Incentives are offered, such as candy for good behavior, and Nerf guns and basketballs for high scores on practice tests. For those deemed not trying hard enough, there is “effort academy,” which is part detention, part study hall.

Ms. Moskowitz and a number of her teachers saw the network’s exacting approach in a different way: as putting their students on the same college track as children in wealthier neighborhoods who had better schools and money for extra help. Success students are generally barred from the city’s best elementary schools because they do not live in those schools’ zones.

“For affluent parents who are concerned about the test scores, they have an exit strategy — their exit strategy is to hire a private tutor,” Ms. Moskowitz said.

No one criticizes those parents, but “when we support our students, we get criticized,” she said.

Poor Eva.  It’s so tough to be evaluated, isn’t it?

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2 comments to The Color of Success: Eva Moskowitz’s Academies of Misery

  • Rachel Tuchman

    Rachel Tuchman, here. The person was quoted in the NYT article (incorrectly). I just want to clarify I support Success, and my quote was actually taken out of context. I was saying that teaching SHOULD be a demanding job, it is the MOST important job in this country and we should it should have the same rigor as finance or law. It, of course, should be compensated as such which is a broader national conversation.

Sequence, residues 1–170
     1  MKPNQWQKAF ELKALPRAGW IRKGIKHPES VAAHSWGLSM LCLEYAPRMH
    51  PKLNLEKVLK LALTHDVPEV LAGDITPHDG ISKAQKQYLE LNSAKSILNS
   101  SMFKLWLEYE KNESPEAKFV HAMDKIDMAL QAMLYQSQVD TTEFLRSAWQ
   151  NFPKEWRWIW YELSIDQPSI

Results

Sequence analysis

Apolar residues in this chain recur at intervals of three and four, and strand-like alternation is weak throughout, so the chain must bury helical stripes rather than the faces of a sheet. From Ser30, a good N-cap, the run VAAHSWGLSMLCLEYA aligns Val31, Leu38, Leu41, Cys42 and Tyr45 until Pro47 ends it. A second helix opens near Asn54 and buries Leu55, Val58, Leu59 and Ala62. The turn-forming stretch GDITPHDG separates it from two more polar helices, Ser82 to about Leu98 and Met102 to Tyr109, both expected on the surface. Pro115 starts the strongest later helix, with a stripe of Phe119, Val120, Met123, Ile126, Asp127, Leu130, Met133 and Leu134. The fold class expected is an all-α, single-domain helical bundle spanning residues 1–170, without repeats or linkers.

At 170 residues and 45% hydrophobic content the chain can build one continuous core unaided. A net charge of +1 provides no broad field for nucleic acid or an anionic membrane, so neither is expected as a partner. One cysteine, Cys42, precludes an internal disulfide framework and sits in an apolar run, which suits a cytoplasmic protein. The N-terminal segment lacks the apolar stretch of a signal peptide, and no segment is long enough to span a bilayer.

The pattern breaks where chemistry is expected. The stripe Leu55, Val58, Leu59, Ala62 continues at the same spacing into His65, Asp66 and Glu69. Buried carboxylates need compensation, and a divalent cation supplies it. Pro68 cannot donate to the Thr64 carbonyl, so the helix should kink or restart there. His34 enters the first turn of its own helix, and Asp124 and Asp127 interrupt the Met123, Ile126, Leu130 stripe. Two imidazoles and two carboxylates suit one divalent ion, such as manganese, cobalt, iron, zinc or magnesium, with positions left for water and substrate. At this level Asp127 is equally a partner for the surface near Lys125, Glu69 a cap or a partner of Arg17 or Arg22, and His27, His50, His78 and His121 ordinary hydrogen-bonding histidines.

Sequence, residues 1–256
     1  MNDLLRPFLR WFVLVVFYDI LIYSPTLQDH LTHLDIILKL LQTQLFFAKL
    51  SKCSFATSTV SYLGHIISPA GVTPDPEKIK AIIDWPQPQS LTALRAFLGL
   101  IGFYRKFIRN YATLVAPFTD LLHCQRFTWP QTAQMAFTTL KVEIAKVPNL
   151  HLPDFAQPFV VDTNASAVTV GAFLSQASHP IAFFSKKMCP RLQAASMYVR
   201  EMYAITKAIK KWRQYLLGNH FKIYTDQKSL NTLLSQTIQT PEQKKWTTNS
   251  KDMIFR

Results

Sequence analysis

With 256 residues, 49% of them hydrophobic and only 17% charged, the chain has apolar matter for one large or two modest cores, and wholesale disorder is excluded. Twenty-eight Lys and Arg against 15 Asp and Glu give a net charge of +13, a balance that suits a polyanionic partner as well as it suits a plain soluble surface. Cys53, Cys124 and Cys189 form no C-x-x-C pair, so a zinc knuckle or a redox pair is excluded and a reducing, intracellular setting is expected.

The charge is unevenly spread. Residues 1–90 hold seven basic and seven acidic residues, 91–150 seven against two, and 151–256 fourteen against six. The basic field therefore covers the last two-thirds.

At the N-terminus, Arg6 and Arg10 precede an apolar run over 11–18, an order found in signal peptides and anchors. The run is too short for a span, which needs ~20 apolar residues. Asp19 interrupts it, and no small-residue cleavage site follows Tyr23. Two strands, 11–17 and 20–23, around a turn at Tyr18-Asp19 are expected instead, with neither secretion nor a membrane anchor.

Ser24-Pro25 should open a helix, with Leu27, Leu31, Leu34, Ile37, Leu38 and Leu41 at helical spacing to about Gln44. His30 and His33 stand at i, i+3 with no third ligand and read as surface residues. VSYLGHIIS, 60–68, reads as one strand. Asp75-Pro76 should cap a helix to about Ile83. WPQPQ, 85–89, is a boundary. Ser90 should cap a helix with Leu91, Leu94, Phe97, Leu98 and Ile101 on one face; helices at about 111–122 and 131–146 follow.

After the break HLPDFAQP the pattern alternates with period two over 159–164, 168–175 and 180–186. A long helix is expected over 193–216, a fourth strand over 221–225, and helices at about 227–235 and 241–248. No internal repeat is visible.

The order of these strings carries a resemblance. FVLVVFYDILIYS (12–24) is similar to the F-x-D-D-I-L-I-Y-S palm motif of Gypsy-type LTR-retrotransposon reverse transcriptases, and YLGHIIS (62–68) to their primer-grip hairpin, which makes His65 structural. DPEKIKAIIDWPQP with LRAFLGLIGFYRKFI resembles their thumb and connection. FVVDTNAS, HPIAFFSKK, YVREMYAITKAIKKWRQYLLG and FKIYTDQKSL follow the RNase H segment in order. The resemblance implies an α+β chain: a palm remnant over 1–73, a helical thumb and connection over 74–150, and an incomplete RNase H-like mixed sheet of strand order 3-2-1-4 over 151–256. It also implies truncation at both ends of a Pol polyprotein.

• Thank you, Rachel. As a former journalist, I’m disturbed to hear that I re-quoted you incorrectly. My apologies! I couldn’t agree more that teaching is the MOST important job in the country–along with parenting. As my book, Squandering America’s Future, makes clear, we are leaving families and educators, “venture capitalists” for the nation’s future wealth producers, in the lurch. And neither job is anywhere to be seen on the ledger sheets for our GDP. As you suggest, this is part of a broader national conversation. But as a New Yorker and advocate for rich educational experiences that foster higher order thinking skills, creativity, empathy, and innovation, I’m horrified by the practice and policies of Eva Moskowitz’s Success charter network. They are punitive, and violate the principles of an early childhood education that is attuned to the needs of the whole child.